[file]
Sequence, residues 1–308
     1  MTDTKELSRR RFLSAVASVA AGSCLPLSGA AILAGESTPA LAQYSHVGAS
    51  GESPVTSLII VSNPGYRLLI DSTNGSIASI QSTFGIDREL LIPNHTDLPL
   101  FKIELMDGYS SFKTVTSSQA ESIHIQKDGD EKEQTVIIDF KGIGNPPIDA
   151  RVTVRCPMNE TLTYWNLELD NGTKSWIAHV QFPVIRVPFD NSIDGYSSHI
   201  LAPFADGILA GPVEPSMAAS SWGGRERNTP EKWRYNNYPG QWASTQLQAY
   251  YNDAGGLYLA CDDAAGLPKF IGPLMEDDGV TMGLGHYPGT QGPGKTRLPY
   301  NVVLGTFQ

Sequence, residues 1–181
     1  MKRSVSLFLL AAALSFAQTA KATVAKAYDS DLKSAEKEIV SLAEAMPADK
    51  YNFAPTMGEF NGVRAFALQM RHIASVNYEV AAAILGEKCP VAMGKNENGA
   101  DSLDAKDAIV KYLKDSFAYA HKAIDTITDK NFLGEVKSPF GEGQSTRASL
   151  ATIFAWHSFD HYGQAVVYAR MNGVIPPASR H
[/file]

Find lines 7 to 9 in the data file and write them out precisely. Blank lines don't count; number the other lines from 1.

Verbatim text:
   251  YNDAGGLYLA CDDAAGLPKF IGPLMEDDGV TMGLGHYPGT QGPGKTRLPY
   301  NVVLGTFQ

Sequence, residues 1–181